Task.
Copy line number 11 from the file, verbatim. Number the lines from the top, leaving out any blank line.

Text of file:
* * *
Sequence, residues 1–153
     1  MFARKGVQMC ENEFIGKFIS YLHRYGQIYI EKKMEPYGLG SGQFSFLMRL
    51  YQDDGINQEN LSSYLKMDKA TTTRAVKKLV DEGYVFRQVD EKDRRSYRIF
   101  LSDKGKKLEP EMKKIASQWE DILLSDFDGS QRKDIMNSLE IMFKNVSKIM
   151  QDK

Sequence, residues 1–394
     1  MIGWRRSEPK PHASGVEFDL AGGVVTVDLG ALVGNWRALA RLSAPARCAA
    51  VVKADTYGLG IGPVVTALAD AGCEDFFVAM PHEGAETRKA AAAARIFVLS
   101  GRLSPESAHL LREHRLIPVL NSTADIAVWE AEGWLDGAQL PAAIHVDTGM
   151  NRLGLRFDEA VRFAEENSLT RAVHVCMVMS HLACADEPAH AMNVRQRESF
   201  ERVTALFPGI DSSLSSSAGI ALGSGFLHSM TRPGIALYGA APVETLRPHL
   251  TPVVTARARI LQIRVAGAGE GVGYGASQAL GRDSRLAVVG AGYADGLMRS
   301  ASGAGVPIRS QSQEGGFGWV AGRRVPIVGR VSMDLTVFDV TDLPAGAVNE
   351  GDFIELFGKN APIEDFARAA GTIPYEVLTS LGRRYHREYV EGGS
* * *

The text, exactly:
   201  ERVTALFPGI DSSLSSSAGI ALGSGFLHSM TRPGIALYGA APVETLRPHL